The UK has the highest excess rate of deaths amid the coronavirus crisis among countries with comparable data, research has shown.
Since the week ending March 20, the UK has registered 59,537 more deaths than usual, meaning the pandemic has killed around 891 people per million, directly or indirectly. This is a higher rate than any of the 19 countries in which the same data exists, with Italy and Belgium coming in second and third on the list.
The overall number of excess deaths in the UK is also higher than any country in Europe and second only to the US in global terms, the data shows. Italy follows in third place and Spain falls in fourth.
While the percentage increase in deaths compared to normal levels places the UK second to Peru internationally and once again the worst in Europe, with Belgium coming in third place, the Financial Times reports.
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The time periods compared are from when death rates climbed above five-year averages and include all of the European countries hit hard by coronavirus.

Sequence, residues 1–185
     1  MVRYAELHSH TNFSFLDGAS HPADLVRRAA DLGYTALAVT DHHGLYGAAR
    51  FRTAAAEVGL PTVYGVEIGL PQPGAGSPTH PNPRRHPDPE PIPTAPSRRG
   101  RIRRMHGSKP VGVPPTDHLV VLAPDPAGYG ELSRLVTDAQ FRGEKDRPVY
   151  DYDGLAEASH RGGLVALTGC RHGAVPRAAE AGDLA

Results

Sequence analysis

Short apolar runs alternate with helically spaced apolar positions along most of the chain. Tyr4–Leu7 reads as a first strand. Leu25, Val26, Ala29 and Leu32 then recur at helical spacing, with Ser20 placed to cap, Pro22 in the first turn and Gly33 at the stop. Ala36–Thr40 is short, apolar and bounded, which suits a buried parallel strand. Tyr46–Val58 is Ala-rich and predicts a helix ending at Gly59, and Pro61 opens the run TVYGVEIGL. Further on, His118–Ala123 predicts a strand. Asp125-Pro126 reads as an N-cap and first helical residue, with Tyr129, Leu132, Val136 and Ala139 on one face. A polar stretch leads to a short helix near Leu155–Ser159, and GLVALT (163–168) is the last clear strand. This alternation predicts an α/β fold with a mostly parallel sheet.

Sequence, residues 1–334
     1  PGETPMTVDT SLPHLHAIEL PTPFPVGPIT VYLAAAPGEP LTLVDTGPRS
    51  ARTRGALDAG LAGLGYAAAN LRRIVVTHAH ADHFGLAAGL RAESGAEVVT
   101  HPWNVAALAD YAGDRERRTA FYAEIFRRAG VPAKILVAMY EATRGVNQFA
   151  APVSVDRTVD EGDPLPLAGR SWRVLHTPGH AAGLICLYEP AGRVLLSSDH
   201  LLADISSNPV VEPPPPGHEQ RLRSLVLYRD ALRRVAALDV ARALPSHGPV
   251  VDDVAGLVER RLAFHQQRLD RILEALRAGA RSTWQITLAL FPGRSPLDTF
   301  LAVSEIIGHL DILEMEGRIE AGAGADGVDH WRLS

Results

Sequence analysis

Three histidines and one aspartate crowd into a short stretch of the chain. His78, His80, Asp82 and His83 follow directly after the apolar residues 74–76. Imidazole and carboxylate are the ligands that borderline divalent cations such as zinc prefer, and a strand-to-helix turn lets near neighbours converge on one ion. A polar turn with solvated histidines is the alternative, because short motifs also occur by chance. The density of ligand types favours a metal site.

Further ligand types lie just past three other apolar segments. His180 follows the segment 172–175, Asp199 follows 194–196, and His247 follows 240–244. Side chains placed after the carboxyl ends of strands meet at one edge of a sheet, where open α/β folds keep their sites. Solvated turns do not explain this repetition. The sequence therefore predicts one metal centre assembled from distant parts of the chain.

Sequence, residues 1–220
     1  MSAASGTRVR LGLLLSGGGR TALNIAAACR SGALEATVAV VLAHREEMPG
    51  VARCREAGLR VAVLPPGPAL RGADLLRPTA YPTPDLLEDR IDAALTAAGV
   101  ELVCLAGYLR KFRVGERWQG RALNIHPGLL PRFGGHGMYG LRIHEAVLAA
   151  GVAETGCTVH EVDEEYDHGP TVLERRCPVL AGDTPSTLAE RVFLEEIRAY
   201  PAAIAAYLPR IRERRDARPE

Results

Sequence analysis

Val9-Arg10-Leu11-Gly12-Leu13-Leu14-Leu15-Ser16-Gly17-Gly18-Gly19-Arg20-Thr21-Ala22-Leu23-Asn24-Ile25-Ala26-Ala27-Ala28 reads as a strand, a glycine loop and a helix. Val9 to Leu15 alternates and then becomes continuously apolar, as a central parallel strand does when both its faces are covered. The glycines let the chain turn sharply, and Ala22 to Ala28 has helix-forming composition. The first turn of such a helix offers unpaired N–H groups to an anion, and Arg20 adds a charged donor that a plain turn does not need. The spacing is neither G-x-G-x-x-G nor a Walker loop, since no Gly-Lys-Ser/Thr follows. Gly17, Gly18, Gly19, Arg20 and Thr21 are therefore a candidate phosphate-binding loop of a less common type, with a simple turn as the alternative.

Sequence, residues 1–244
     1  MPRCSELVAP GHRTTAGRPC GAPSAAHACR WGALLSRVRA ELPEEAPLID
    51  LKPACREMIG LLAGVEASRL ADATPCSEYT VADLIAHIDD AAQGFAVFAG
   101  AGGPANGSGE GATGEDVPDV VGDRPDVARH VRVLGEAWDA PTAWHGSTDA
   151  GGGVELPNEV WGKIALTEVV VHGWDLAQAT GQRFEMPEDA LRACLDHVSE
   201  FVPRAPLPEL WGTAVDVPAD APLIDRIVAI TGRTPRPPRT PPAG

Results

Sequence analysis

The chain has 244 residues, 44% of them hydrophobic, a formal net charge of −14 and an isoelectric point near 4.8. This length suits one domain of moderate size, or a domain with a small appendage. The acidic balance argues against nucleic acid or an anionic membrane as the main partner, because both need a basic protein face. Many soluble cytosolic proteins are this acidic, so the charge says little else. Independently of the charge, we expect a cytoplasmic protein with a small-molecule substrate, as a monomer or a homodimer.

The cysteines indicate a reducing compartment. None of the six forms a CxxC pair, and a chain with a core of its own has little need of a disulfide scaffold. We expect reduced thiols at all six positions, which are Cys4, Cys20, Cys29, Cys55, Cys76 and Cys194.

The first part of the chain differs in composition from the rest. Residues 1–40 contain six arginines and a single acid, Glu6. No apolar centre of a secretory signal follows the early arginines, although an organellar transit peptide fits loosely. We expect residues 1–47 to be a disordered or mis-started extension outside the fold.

Countries such as China, Brazil and Russia have also seen high death tolls during the pandemic, but their mortality rates are much lower than the UK because the number is much smaller than the size of their populations.
David Spiegelhalter, Winton professor of the public understanding of risk at Cambridge university, said that if the data of other countries is accurate, ‘then the UK has done badly in terms of excess deaths’.
However, he also noted that it was ‘pretty pointless’ to rank countries by their coronavirus hardship, adding: ‘This is not Eurovision.’
For example, Sweden did not impose lockdown restrictions on the public, and has seen 33,843 cases and 4,029 deaths from Covid-19. The coronavirus crisis is also still ongoing, with experts claiming this could only be ‘one half’ of the pandemic.
A spokesperson for the government told the Financial Times it was ‘wrong and premature to be drawing conclusions at this stage’ and that excess deaths should be adjusted for age.
They added: ‘We will, of course, learn lessons from our response to this virus, but these must be drawn from an accurate international analysis in the future.’
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Source: Metro News UK